I had a buddy with whom I learned to fly when we were in our teens. We would regularly try to twist the wings from whatever we were flying, as happy to be inverted as right-side up. Once we returned to the rental base with a two-foot piece of tree-top stuck in the fork of the nose wheel. When I last saw him I was recovering from heart surgery and lamenting about how I’d squandered my life flitting from one adventure to another. He had enjoyed an illustrious career as an airline pilot and had then become a successful businessman. Yet he said he’d trade histories in a minute. It’s the ubiquitous tale of far-away pastures looking greener. He’d had decades of boredom and thought I was the one who’d had all the fun. Go figure!
Well I’m now finishing up this blog on the morning of December 1st. Time is going by so fast I’d best confirm what year it is! Work on the boat progresses according to the weather. A set of folding steps is slowly rising toward the masthead. I go up and dangle in my bosun’s chair whenever it is not raining and two or three more steps appear. I’m almost to the spreaders. It’s a job I’ve been avoiding since I bought the boat and once finally done will be the last of the major projects
The interior in the little Cheoy Lee is beginning to take shape and my teardrop trailer will soon be ready for me to head south. So like the thin light and warmth of a winter dawn, the dream burns on. Best wishes and bright dreams to all.
Sometimes the enormity of life is overwhelming. My last blog described the gormless sense of self-entitlement some people demonstrate in their frantic quest for distraction from the drudgery of life. I realized that a symptom of my own flaws is when I find annoyance at other folks trying to celebrate life. When I’m in a ‘Ha, Bumhug’ mood nothing will cheer me up.
Yes, this crusty old barnacle admits to having fought a lifelong battle with, what the medical bunch describes as, chronic depression. One of my books, ‘Sins Of The Fathers’ deals with the darkness of living with bi-polar disorder and overcoming the weight of this much misunderstood condition. I’m not sure I did a good job of enlightening those who don’t understand the illness or of helping those who do. I’m not about to make an effort to further those interests here except to say that regardless of what many people think, it IS a tangible illness, it is NOT simply a matter of bad attitude, self pity or negative thinking. To survive a lifetime despite the instinct for self-destruction is a very positive achievement on its own. To find occasional joy, to pursue creative interests and to cling tenaciously to a goal, no mater how remote it seems, is a triumph. I’d be happy to discuss this subject person to person. (Or even sell you copy of my book)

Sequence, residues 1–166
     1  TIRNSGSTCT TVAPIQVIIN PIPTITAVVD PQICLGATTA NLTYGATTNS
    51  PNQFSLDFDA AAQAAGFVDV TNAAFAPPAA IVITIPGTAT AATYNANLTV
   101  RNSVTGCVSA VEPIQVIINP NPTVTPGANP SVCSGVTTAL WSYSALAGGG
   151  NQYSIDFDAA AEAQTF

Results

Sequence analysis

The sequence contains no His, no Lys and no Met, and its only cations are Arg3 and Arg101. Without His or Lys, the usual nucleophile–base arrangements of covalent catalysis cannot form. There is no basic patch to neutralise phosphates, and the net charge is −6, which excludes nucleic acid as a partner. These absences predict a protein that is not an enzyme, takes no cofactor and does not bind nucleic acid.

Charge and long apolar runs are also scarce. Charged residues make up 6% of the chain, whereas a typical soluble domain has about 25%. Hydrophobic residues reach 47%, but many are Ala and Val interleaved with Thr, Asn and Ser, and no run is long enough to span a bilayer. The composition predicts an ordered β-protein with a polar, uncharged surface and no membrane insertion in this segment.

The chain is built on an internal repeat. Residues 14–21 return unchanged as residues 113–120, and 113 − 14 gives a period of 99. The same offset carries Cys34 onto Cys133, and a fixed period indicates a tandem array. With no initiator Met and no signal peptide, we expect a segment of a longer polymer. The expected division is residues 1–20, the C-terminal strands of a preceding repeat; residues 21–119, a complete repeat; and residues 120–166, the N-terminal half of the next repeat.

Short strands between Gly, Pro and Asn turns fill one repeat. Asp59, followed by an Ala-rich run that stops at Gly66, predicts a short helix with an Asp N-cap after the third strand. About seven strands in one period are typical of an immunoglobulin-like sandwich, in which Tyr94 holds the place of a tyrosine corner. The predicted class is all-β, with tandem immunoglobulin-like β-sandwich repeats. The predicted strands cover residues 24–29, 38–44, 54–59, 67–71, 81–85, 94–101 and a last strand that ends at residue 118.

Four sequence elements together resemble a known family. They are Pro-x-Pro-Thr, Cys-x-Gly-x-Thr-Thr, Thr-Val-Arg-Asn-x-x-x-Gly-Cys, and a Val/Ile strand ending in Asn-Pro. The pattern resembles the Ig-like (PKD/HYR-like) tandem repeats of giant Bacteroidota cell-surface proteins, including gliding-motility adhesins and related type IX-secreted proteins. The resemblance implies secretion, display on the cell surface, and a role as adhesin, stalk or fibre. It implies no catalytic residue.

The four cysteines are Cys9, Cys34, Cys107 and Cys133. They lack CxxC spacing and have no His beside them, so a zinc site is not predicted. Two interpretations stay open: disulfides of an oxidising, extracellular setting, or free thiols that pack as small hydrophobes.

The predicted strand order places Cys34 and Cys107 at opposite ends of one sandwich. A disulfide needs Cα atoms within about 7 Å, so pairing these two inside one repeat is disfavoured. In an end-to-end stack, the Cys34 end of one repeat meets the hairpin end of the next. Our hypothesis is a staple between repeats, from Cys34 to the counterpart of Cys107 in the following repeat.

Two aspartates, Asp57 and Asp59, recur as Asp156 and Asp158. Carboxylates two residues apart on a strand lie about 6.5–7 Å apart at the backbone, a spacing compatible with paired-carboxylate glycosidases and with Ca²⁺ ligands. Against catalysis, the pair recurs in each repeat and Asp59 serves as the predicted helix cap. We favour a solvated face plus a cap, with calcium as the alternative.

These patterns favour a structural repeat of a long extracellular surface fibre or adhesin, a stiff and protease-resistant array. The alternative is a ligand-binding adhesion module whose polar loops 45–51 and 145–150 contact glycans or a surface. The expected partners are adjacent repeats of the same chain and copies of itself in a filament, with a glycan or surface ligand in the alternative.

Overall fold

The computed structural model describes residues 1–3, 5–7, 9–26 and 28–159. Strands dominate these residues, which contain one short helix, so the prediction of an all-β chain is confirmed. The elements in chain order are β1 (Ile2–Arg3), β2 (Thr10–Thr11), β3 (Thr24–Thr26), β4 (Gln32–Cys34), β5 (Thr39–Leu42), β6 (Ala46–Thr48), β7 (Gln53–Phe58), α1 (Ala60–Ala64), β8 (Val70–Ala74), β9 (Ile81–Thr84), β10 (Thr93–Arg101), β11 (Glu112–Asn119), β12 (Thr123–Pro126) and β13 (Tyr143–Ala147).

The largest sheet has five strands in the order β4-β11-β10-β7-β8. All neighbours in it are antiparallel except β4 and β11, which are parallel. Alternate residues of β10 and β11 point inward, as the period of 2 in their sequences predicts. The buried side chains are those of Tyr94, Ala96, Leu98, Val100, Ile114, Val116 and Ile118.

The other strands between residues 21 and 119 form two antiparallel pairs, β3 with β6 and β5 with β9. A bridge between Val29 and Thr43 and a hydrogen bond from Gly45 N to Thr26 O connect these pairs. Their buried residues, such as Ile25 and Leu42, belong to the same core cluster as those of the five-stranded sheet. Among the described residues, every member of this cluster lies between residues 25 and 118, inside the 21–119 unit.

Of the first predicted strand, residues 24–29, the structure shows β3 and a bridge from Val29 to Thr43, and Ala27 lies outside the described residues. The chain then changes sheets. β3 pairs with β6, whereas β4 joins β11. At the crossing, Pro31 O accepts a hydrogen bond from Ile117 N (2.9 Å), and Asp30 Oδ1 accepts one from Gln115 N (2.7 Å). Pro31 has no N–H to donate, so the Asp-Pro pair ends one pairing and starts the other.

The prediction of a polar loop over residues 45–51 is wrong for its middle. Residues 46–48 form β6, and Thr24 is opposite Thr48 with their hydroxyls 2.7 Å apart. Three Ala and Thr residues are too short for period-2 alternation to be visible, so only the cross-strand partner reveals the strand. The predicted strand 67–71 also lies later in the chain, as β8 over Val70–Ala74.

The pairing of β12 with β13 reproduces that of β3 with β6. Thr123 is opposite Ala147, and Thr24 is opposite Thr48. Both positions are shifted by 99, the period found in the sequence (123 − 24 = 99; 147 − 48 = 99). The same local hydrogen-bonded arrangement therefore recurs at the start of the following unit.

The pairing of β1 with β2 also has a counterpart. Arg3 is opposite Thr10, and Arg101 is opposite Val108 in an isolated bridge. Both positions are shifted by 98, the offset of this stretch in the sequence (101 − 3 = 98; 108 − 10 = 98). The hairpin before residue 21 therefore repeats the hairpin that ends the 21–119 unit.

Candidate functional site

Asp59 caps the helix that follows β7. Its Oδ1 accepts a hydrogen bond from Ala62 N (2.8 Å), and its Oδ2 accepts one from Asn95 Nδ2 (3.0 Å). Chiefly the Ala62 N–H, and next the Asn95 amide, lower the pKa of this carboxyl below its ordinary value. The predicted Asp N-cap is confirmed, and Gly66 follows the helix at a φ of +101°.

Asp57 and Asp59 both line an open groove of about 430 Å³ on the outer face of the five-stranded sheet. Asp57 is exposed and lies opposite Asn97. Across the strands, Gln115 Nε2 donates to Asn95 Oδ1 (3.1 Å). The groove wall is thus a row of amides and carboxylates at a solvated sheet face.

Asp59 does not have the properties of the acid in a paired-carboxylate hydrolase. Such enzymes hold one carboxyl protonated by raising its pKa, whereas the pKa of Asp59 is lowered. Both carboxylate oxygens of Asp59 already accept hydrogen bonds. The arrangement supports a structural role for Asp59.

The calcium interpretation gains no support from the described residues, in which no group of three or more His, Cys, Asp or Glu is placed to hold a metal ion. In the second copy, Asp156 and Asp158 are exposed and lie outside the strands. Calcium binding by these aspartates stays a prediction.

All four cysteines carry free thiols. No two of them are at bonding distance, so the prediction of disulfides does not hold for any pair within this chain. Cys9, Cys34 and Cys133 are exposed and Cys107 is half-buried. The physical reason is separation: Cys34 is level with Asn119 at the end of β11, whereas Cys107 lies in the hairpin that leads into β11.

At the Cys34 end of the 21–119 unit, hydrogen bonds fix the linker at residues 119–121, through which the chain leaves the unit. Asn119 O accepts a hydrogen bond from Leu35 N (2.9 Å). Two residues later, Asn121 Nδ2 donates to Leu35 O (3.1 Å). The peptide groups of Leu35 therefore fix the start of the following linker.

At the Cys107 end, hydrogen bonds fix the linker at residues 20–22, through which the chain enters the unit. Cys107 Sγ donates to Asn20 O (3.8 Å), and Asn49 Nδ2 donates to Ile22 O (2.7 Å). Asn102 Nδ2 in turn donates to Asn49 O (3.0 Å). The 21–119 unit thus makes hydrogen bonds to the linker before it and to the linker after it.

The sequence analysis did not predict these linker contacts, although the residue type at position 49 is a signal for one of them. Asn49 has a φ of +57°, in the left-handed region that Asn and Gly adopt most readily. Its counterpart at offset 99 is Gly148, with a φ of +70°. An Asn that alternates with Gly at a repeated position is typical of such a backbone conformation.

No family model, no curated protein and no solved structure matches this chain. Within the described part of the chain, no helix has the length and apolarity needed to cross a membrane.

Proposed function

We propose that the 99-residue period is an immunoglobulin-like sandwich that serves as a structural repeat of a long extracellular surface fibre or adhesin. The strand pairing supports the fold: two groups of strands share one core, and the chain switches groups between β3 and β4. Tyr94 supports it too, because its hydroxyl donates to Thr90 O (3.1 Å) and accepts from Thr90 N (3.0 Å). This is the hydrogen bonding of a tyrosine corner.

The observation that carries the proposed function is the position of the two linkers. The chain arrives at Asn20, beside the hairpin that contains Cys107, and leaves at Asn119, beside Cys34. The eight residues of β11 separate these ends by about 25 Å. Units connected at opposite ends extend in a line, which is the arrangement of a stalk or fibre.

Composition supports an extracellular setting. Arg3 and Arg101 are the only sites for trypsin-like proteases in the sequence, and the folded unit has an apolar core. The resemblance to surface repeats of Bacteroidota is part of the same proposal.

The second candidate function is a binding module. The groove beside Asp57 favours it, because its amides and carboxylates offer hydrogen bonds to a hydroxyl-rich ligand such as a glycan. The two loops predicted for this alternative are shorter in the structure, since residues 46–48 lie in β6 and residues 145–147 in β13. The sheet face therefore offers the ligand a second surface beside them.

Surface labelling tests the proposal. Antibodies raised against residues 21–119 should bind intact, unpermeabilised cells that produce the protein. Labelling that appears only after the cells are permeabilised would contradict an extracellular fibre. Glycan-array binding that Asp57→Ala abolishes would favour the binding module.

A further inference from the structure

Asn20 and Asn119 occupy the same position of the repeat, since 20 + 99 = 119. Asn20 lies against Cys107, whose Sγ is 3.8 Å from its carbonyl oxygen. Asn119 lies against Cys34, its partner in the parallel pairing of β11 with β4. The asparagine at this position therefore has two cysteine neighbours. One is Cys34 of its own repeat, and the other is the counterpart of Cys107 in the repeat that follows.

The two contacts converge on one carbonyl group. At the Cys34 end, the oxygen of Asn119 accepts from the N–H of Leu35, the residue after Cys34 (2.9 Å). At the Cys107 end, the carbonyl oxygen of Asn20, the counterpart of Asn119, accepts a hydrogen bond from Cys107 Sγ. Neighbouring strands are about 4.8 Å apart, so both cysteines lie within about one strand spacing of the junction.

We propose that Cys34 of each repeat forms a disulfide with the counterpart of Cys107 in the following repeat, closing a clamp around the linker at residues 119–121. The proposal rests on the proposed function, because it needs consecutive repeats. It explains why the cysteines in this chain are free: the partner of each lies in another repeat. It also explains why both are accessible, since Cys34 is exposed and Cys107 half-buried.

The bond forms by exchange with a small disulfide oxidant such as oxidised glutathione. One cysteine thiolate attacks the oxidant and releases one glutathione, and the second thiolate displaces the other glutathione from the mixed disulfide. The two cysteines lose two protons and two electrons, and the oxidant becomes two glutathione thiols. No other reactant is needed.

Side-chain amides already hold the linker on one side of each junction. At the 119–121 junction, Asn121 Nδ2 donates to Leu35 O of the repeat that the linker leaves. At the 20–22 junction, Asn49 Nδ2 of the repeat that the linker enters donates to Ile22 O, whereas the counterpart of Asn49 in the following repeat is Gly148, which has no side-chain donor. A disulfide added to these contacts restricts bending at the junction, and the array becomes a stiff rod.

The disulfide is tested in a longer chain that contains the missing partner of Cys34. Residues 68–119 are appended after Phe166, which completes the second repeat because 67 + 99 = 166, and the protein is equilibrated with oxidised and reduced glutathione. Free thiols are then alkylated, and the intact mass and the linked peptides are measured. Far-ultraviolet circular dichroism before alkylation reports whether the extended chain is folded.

“Keep yer pecker up!”
This past week has been one where dark demons have been shaking my tree and I’m plodding out of it ever towards the shimmering mirage of a dream I’m determined to reach.
It occurs to me that depression is not merely a personal cross. It is the unacknowledged epidemic running rampant through Western society and is the root from which so many other medical and social illnesses grow. To consume has become our reason to be (See my link to ‘Story Of Stuff’) and none of us can live up to the demands of all the advertising imposed on us incessantly. None of us are good enough, pretty enough, wealthy enough, drive a fine enough car, go on enough exotic vacations, have a good enough sex life, have happy enough pets…… The pressure is relentless and insidious. Is clinical depression a product of nurture or nature? Yes!
When I was a child the world you were born into was believed to be the one you would inhabit. It was reasonable to think that the world had parameters and you could actually be educated and prepared for a place in it. How do you prepare children now for an environment that is evolving so quickly, no one can comprehend it or what the future holds? Think back five or ten years to what the world was like and how it is now. Honestly, did you have any idea? Without the sense of security of a tangible existence and future, no wonder we’re all a bit anxious. No wonder so many people have substance abuse issues, or can’t keep functional personal relationships or spend so much time in pursuit of distraction.
The headline for this blog is a quote from a man I was interviewing for a job; now many years ago. Those words are his description of the meaning of life. I’ve since found nothing more eloquent; a few words from one simple blue-collar working man.
Meanwhile, work on the preparations of ‘Seafire’ continues, one screw at a time.
I’ll close out this musing with the following quote from Marianne Williamson which was used as part of Nelson Mandela’s inaugural speech.
‘Our deepest fear is not that we are inadequate.
Our deepest fear is that we are powerful, beyond measure.
It is our light, not our darkness that frightens us.
We ask ourselves, ”Who am I to be brilliant, gorgeous, talented, fabulous?”
Actually, who are you not to be?
You are a child of God.
Your playing small does not serve the world.
There is nothing enlightened about shrinking so that
other people won’t feel insecure around you.
We were born to make manifest the glory of God that is within us.
It is in everyone, and, as we let our light shine,
We unconsciously give other people permission to do the same.